As of Friday, the Texas A&M Forest Service reported that 195 of Texas 254 counties had burned down, the highest level since 2011.
One of them, David Carter, was a hardcover fire in Bosc County, which took time to make farmers feel comfortable with his glasses.
“These firefighters threw everything they had before the fire broke out,” says Carter.
The photos show workers in the air and on the ground working to save structures and prevent Walnut Springs from leaving, and residents have been told to be prepared.
As of Friday night, 45 percent of the fire had been contained and 600 hectares of land had been burned.
“I have no doubt in my mind that if they had not jumped in front of the fire in the way they did in the city of Walter Springs, by looking at those sailors and the dangers they posed to protect others. It is worse than it is today. ”
HardCasal Fire is one of more than 1,100 Texas A and M Forest services that have responded so far this year.
“This will definitely be a historic year,” said spokesman Adam Turner.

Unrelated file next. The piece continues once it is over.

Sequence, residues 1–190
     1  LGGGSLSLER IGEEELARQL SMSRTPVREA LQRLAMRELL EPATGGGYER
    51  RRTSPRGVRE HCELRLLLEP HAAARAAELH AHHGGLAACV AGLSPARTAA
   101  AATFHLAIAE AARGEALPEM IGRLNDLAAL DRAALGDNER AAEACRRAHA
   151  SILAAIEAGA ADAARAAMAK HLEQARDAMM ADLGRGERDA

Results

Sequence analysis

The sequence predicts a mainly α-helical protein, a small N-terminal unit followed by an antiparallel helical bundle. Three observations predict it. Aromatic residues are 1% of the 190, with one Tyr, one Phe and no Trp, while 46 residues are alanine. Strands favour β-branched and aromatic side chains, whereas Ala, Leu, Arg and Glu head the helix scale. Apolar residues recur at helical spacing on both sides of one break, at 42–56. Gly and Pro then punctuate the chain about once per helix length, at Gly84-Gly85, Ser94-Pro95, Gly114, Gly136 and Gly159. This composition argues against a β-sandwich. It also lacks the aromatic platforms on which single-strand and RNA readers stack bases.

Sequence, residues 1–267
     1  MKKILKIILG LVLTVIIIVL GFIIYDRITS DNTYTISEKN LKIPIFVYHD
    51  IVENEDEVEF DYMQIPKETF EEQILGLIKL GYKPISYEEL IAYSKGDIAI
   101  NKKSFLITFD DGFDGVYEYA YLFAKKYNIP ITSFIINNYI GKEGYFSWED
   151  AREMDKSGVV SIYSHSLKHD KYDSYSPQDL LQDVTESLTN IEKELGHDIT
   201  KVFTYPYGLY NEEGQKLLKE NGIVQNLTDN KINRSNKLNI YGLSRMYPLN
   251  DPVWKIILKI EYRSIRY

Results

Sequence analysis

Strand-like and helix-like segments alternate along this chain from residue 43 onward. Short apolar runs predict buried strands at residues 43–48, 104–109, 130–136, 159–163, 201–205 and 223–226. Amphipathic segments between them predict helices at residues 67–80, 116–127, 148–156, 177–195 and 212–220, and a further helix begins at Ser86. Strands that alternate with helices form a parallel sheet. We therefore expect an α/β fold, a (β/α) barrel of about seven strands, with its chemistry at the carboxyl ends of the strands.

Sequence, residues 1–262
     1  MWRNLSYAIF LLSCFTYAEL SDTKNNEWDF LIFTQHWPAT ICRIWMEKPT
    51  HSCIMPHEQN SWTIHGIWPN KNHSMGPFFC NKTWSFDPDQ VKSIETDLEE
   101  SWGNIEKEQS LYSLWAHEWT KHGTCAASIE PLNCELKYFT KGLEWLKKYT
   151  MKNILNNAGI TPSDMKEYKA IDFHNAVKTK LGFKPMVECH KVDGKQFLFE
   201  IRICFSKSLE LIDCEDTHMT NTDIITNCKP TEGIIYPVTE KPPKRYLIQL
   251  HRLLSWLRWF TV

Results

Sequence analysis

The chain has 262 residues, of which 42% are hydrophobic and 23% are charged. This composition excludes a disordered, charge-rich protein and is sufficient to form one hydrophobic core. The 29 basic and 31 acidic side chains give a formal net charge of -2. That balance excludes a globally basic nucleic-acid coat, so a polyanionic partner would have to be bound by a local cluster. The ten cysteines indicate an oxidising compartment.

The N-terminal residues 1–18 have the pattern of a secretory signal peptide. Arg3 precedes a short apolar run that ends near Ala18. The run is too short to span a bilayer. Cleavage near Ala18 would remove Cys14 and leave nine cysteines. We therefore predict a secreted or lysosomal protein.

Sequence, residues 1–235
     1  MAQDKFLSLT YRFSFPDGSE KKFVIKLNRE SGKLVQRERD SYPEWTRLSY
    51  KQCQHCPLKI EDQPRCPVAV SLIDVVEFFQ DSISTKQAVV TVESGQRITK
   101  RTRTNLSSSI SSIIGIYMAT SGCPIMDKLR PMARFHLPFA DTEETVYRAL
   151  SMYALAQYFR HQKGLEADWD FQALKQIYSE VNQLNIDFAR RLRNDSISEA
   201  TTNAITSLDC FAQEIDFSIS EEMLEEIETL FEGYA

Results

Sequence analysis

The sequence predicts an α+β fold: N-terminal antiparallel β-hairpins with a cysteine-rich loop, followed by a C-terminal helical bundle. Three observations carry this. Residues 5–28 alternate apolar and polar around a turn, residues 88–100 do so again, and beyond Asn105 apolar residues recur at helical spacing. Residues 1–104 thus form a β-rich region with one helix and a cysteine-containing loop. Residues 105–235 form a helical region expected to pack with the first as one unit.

According to Turner, by 2022, more than 3,000 fires are burning, and nearly 3 million hectares are being built to resemble 2011. But this time, he said, they have a lot of resources, not just in Texas but across the country.
“Texas was the focus of this year’s wildfires. It will continue. We are in the midst of a major fire in Texas, so we will have resources to respond. It will continue until the rains come, ”he said.
In the meantime, Turner said, fire bans will continue to be significant, and much of the country is now dry.
“We often make jokes without even thinking about it. I mean, it’s not really funny. It’s scary, and it’s so dry, ”said Turner.
On Friday, the Bosc County Emergency Management Office shared a question.
“A humble request from a very tired firefighter, please beware of anything that could explode! The last thing we want now is another big fire and conditions are considered extreme today. “
“Most of our recent fires are ‘road start’. This means the fire is like dragging chains on the road and pulling out discarded cigarettes. Of course, these are not the only ones but they are very annoying. Because they can be prevented!”
According to the Forest Service, 90% of wildfires are caused by humans.